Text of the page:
Today (November 20th) The New York Times suggested that the rest of the world is waiting, in this post election period, anxiously for the US to "get its act together". Ah, the myths we tell ourselves. I spent the first 30 years of my life in England (mostly) and I have to say that many people in Europe even then felt that the US never actually had its act together at all. That impression has remained, as far as I can tell, ever since. In the US we tend to think of ourselves in slightly grandiose terms - that we're somehow looked up to by every one. Envied for our wealth - yes; Envied for our power - yes; Looked up to - not always.... I can recall American tourists in Europe thoughtfully wearing Canadian flags on their clothes for exactly that reason. They wanted to be treated as people, not as "Americans". The Trump era is one we'll all have to work hard in - trying to make sure our country is kept relatively stable and intact. Let's do that. Let's work hard -- and then we'll see that we will indeed be looked up to.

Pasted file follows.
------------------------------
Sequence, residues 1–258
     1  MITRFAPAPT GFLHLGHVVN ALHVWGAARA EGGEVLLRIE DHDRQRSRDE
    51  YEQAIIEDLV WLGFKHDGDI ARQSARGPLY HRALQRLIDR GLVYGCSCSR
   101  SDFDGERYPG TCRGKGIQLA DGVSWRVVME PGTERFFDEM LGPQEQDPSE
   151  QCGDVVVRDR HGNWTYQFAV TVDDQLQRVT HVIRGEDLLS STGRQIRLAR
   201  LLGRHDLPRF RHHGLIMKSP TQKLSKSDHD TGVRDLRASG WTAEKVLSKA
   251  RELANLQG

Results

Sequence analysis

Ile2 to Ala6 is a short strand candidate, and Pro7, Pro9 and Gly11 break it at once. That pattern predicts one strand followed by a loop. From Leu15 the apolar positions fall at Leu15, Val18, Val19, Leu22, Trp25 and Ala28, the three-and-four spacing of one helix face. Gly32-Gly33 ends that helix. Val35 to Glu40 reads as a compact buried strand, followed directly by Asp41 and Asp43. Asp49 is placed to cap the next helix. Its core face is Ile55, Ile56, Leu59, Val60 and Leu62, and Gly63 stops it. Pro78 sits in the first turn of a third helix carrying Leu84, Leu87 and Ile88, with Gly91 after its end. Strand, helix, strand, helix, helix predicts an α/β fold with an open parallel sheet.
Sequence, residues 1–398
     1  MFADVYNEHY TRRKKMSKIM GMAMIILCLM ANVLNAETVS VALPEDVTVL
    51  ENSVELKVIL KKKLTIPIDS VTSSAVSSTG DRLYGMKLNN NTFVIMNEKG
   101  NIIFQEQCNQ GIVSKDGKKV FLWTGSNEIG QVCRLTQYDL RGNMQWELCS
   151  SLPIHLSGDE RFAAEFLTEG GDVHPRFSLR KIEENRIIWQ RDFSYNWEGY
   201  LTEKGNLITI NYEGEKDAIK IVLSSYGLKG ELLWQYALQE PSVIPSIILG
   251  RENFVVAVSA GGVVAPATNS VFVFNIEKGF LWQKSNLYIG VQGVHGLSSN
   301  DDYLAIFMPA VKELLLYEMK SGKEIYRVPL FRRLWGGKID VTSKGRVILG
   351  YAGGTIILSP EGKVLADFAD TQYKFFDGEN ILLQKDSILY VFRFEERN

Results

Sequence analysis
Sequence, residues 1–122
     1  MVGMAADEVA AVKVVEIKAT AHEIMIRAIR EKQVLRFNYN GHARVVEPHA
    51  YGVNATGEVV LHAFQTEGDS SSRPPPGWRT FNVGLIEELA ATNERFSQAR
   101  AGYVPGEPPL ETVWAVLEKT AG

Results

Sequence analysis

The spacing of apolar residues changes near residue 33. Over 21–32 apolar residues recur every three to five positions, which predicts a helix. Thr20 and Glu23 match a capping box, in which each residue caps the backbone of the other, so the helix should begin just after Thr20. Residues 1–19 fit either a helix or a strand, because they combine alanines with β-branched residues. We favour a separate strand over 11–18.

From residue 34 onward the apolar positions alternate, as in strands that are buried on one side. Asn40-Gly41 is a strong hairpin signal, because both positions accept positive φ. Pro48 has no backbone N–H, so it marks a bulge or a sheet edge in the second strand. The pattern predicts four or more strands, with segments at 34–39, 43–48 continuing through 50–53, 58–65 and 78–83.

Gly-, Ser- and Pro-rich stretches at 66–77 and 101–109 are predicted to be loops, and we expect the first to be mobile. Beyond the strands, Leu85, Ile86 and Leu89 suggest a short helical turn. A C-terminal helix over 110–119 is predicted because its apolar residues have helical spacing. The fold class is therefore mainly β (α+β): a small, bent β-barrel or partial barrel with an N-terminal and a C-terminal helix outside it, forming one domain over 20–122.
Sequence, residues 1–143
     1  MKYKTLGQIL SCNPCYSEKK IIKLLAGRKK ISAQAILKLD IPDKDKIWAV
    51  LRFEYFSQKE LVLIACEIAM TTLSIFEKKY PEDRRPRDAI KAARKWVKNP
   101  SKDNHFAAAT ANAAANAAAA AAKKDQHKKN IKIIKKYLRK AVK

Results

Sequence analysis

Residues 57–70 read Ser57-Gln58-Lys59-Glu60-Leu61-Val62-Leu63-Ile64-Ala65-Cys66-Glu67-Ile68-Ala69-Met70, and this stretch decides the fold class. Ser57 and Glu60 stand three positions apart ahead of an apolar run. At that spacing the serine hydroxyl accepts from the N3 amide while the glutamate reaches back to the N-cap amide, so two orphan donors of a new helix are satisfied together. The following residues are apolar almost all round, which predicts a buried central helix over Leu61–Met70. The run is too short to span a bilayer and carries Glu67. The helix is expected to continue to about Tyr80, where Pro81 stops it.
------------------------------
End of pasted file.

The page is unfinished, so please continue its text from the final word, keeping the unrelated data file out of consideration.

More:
A number of people have expressed fear and sadness to me about the election results, and asked for help processing what happened. While I'm always happy to offer my counseling services to those who need them I can also offer you some practical advice for something you can do right now, for free. If you can, take a walk somewhere with trees. There's no need to talk to anyone, just walk. Then make yourself a snack of some kind. Something small and easy to prepare -- an English muffin with your favorite jam, and perhaps a cup of tea of coffee. Sit and eat and drink slowly. Again, there's no need to talk or to text. Be quiet with your grief and disappointment. Then, if you can, do something to tidy up your immediate space. Put papers away; empty the dishwasher; do laundry. Whatever is close and easy. If you're at the office you can tidy your desk. You may have to do this once or twice a day for a couple of days. Gradually you will send your Unconscious a powerful message -- that you are taking care of yourself and that the struggle is not over. You will get through this. Because you absolutely will get through this. And when you emerge you'll be ready to take on any struggles you need to.